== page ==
Monday, September 20, 2010

Challah to break the fast.

I was breaking Yom Kippur fast at a friend’s house so I decided that Challah is traditional, pretty and not that hard to make.  At the onset, my husband did not fail to remind me that although I made Challah before, I have never done it successfully.  The bread always came out either to greasy or dense or both.
He also chastised me for making the bread roughly the size of a tire.  I mean it was huge.  He urged me to leave half of it at home, but I wouldn’t budge… I took the whole thing and not a piece was left.
I took the recipe from the  book called “Artisan Bread in Five Minutes a Day: The Discovery That Revolutionizes Home Baking”.    I had to think about the method for a little bit to avoid the density in the bread.  I realized that since Challah dough requires a lot of fat ( butter or oil, eggs) over kneading might have been my problem.  When fat particles stay large in any dough, they give it lightness and “lift”.  If you mix or knead the dough to much you are at risk for very heavy bread without any crumb as all the fat particles have been reduced to a tiny size.  Challah or any fortified bread dough, such as Brioch, has to be approached with an opposite mentality as regular bread dough, which only contains flour, yeast, water and salt.  The more you knead the regular bread dough, the more gluten develops, the better tasting bread you will have.    This time around I exercised restraint.
This Challah came out pretty well.  First of all, I made one loaf out of dough portioned for at least 2 or maybe even 3.  I had to adjust the cooking temperature and time, but the recipe below is for the normal size Challah ( if round, about 8’ or 9’ in diameter).  Second, Challah bread should pull apart in long airy strands.  Mine was a bit crumbly for my taste, but I suspect it is because I used oil and not butter.  The book suggests this substitution. I also use instant yeast instead of granulated, and the amount makes a difference.  My husband’s comment was  that the Challah should have been sweeter, I will leave that up to you ( see notes below).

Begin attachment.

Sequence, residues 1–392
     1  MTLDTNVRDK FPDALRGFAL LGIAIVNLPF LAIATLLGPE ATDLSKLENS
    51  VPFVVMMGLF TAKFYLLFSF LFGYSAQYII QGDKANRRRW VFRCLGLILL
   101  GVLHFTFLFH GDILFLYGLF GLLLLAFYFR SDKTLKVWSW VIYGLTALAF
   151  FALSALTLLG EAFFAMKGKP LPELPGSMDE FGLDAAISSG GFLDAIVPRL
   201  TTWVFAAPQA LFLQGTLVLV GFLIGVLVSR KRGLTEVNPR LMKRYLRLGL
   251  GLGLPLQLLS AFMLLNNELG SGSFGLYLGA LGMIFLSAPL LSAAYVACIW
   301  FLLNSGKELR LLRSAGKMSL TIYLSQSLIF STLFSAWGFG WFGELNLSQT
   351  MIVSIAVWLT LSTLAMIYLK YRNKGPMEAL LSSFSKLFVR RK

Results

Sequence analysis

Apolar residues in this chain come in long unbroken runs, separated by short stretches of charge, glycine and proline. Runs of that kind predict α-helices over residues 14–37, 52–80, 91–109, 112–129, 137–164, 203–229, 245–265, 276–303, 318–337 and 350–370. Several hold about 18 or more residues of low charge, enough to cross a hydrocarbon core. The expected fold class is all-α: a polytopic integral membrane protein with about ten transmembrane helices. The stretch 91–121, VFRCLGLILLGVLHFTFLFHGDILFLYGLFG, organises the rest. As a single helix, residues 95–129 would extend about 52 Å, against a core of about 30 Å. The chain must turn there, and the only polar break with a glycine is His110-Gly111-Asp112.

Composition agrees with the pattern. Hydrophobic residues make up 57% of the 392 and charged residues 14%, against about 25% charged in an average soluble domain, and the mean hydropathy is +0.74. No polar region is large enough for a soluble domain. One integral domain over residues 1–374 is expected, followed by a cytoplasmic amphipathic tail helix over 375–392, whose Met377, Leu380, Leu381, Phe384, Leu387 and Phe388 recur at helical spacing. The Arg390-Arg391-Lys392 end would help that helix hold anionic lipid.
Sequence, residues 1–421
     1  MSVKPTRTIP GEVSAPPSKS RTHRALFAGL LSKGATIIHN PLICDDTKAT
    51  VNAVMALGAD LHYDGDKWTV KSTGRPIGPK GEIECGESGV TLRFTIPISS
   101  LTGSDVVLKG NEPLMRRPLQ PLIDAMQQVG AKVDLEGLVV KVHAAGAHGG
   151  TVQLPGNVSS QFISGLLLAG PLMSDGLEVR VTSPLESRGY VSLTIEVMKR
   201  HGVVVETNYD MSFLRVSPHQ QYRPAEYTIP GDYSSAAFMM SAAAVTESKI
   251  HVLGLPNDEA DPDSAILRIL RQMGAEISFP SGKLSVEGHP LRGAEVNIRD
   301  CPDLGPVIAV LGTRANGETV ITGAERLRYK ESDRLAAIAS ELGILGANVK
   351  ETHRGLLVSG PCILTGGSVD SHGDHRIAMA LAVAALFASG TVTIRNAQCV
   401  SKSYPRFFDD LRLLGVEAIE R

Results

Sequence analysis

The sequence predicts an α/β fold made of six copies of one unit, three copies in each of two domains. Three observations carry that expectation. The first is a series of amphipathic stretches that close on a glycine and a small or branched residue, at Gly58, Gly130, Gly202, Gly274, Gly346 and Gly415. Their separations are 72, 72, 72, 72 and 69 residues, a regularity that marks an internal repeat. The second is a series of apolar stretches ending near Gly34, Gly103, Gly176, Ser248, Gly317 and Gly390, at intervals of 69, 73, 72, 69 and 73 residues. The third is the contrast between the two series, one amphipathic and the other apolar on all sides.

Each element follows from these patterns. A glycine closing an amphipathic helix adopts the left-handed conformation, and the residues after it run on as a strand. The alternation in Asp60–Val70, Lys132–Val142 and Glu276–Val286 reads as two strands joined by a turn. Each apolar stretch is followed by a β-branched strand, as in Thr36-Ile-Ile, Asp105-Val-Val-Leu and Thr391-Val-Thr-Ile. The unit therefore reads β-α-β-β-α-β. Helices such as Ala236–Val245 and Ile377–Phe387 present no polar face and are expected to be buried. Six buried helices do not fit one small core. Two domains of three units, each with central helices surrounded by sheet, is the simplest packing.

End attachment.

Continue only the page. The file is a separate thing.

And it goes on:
Challah.
1 ¾ cups of lukewarm water.  You can use milk but the bread might come out greasy
1 ½ Tbs of Granulated Yeast, If using instant use 1 ¾ TBS
1 ½ Tbs of salt
4 eggs
½ cup of melted butter or vegetable oil
¼ cup of honey.  Use a bit more if you like your Challah sweeter or use the combination of ¼ cup of honey and 1 Tbs of sugar
7 cups unbleached all-purpose flour.
1 egg for eggwash
2 tbs of poppy seeds ( optional)
( makes 2 large Challahs or 3 smaller ones)

Combine the water, Yeast, salt, eggs, butter ( or oil) and honey in the bowl.  Wisk slightly and let stand for 10 min.  Using a dough hook attachment or a wooden spoon add all 7 cups of flour at once.  Slowly mix together until the no more flour is showing.  The dough should still look pretty lumpy.  At this point cover the dough with plastic wrap and walk away.  Resist the urge to knead or mix anymore.




Let the dough rise about 2 hrs or until it is doubled in size.  Turn out to very well floured surface and knead very gently for no more than a 1-2 min.  Divide the dough into 2 equal parts.  If not baking the same day place the dough in the lightly oiled bowl, cover with plastic wrap and put in the refrigerator.   You can also freeze the dough by putting it into several freezer proof zip tip bags.    On baking day, let the dough come to room temperature before forming the loafs.
Form the Challah by dividing the dough into 3 equal strands and breading.  Or you can divide into 4 or 6 and use the basket weave, which is what I used.
Cover the formed Challah with a tea towel  and let rise on the counter for  1 ½ to 2 hrs.  In the mean time, preheat the oven to 360F.  If using baking tiles or stones, pre-heat for no less than 30 min, better a full hour.
Right before baking, paint the loaf with a beaten egg and sprinkle poppy seeds on top ( if using)
Bake the Challah directly on the stones ( or a baling sheet) for 25 -  30 min. minutes or until the top is golden and when tapped, the breads sounds hollow.
Let cool  completely on the cooling rack.  Resist the urge to eat hot bread, it is never as good as the one that fully cooled!

2 comments:

patricia sinitsky said...

Looks great

Anonymous said...

Looks very nice! Would be a great french toast next day.